Too many tiny functions?

Posted on July 29, 2012 | 2 minute read

When do you have too many functions? For me breaking things down into functions makes it easier to read in many cases, but I’ve been hesitant to separate out everything into tiny bits and pieces. Let’s say someone else is looking at my code - does it get to a point where generally it’s just too much? For example, what would generally be considered better, this:

init: function( x, y, settings ) {
        this.parent(x, y, settings);
        this.vel.y = this.maxVel.y;
        if( !ig.global.wm )    {
            if (this.kind === null) {
                var rand = ig.game.Controller.randomFromTo(0,2);
                switch (rand) {
                    case 0: 
                        this.kind = 'grenade';
                        break;
                    case 1:
                        this.kind = 'rewind';
                        break;
                    case 2:
                        this.kind = 'flash';
                        break;
                }

            }

        }
        this.setAnimations(this.kind);
    },

Or this:

    init: function( x, y, settings ) {
        this.parent(x, y, settings);
        this.vel.y = this.maxVel.y;
        if( !ig.global.wm )    {
            if (!this.kind) {
                this.kind = this.setKind();
            }
        }
        this.setAnimations(this.kind);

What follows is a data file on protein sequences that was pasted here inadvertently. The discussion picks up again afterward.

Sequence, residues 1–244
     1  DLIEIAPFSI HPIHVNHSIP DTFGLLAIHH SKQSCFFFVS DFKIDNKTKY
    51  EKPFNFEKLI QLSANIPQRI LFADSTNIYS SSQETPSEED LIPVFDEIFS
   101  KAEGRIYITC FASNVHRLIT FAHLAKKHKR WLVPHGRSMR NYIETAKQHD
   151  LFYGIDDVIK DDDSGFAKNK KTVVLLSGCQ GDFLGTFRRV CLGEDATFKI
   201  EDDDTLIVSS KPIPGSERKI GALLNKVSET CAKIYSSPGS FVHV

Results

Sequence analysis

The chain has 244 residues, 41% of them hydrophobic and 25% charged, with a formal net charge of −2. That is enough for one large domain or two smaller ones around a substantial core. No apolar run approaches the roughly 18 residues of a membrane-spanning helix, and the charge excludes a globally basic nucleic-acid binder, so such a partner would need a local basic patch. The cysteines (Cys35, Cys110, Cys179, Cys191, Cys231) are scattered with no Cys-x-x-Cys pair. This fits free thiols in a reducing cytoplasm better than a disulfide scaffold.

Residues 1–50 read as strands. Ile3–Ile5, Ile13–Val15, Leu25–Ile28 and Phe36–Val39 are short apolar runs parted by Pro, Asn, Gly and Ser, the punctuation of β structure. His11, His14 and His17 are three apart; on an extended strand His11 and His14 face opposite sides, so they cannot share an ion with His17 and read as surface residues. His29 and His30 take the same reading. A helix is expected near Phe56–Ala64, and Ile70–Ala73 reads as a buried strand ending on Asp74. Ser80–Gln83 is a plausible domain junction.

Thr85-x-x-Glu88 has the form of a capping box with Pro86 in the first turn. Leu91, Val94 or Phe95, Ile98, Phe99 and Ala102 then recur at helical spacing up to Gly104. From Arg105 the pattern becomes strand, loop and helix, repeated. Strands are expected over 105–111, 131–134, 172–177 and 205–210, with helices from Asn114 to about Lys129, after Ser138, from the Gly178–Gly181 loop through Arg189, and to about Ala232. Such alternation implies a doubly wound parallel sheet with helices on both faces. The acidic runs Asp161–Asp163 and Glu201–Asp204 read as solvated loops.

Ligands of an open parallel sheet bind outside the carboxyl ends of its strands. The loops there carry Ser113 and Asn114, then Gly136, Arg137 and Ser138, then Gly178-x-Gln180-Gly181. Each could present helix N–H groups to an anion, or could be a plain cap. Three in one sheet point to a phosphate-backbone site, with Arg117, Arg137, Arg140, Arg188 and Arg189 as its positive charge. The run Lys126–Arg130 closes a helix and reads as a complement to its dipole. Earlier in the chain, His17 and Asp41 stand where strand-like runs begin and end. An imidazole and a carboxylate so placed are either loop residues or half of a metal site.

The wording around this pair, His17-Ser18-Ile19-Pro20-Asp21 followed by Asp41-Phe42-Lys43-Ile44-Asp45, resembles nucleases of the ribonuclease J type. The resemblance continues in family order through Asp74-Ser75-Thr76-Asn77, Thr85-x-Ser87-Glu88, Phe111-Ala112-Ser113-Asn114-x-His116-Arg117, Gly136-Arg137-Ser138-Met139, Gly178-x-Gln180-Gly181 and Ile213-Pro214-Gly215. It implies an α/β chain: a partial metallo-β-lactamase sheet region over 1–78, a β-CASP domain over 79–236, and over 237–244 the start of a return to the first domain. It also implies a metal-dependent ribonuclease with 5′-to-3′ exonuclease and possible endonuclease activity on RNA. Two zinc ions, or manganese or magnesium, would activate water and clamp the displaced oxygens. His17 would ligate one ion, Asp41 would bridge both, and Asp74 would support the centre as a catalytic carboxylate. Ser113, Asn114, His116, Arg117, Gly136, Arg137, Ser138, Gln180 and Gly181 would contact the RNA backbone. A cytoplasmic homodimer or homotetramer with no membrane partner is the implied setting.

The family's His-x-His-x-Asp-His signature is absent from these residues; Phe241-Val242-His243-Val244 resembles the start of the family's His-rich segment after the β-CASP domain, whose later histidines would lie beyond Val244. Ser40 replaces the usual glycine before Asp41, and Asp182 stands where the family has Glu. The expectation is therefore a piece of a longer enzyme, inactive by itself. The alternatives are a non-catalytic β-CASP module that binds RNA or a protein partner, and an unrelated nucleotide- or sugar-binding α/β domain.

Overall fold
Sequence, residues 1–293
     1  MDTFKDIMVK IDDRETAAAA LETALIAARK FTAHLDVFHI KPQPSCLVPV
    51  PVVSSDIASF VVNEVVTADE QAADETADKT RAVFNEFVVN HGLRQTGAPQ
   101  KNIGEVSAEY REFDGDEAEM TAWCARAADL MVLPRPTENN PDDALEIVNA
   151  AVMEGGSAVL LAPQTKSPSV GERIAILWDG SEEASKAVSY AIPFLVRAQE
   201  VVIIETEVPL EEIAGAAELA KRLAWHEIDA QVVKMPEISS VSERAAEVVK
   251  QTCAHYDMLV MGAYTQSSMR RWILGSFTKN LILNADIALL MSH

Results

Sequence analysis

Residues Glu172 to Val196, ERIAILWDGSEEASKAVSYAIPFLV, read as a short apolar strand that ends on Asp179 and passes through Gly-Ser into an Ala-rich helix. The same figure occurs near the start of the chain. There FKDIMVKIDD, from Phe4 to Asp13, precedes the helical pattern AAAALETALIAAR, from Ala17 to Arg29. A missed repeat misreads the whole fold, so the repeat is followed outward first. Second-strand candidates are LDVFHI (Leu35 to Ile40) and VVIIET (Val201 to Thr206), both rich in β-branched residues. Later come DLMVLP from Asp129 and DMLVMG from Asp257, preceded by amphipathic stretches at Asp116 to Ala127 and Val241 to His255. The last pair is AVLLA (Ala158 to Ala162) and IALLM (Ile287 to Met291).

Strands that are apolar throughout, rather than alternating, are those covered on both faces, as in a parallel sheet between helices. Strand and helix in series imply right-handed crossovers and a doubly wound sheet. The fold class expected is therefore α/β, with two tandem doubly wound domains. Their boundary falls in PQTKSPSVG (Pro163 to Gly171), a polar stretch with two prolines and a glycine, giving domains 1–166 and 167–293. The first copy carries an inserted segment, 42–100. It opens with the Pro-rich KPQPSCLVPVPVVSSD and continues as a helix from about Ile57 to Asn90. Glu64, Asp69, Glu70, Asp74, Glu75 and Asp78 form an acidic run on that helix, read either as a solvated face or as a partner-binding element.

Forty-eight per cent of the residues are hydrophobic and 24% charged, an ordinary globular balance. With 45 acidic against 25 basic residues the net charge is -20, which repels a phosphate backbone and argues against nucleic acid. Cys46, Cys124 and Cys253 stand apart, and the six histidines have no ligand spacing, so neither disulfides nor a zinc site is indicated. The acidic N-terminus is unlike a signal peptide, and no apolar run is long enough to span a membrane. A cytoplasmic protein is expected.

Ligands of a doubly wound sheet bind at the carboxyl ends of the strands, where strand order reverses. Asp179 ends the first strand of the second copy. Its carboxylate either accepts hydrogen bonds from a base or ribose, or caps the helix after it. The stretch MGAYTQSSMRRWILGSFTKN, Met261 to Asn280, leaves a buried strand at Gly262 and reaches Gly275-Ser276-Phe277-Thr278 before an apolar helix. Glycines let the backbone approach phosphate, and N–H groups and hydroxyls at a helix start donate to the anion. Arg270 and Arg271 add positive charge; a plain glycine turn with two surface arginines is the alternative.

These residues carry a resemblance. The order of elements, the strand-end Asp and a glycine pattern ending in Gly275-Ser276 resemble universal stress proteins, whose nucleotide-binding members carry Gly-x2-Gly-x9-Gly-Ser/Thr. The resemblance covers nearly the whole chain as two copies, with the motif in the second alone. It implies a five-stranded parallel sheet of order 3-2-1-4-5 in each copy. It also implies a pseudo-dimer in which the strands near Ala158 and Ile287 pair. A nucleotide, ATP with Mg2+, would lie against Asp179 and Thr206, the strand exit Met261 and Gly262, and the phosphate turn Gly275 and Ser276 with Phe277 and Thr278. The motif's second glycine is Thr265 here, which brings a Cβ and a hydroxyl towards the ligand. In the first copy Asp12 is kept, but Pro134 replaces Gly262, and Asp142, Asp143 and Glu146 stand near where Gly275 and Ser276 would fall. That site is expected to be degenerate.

},
	
    setKind: function() {
        var rand = ig.game.Controller.randomFromTo(0,4);
        switch (rand) {
            case 0: 
                return 'rewind';
                break;
            case 1:
                return 'grenade';
                break;
            case 2:
                return 'flash';
                break;
            case 3: 
                return 'speedup';
                break;
            case 4: 
                return 'slowdown';
                break;
        }
    },

(I know the second version has more in the list of options, that’s just because the first version was taken from an older commit).

I know that different people might do things differently, but in general is one of the above options considered better than the other? To me option two seems more readable personally, but I’ve been staying away from doing this sort of thing because is it really worth putting just one switch statement into its own function? Would it just create a big mess of little functions in the long run?




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